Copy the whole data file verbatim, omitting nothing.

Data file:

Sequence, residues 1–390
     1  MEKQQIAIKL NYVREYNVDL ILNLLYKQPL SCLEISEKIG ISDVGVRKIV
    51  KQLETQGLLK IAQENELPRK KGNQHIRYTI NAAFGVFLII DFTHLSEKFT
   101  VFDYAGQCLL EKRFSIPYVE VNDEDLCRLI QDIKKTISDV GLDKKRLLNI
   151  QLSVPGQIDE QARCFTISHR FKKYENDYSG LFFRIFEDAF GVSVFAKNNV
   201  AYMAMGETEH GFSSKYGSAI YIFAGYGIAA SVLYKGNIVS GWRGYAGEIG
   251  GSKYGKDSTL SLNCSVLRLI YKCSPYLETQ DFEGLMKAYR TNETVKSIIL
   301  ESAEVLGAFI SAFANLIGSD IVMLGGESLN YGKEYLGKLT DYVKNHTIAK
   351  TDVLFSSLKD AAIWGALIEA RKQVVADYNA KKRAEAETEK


Sequence, residues 1–390
     1  MEKQQIAIKL NYVREYNVDL ILNLLYKQPL SCLEISEKIG ISDVGVRKIV
    51  KQLETQGLLK IAQENELPRK KGNQHIRYTI NAAFGVFLII DFTHLSEKFT
   101  VFDYAGQCLL EKRFSIPYVE VNDEDLCRLI QDIKKTISDV GLDKKRLLNI
   151  QLSVPGQIDE QARCFTISHR FKKYENDYSG LFFRIFEDAF GVSVFAKNNV
   201  AYMAMGETEH GFSSKYGSAI YIFAGYGIAA SVLYKGNIVS GWRGYAGEIG
   251  GSKYGKDSTL SLNCSVLRLI YKCSPYLETQ DFEGLMKAYR TNETVKSIIL
   301  ESAEVLGAFI SAFANLIGSD IVMLGGESLN YGKEYLGKLT DYVKNHTIAK
   351  TDVLFSSLKD AAIWGALIEA RKQVVADYNA KKRAEAETEK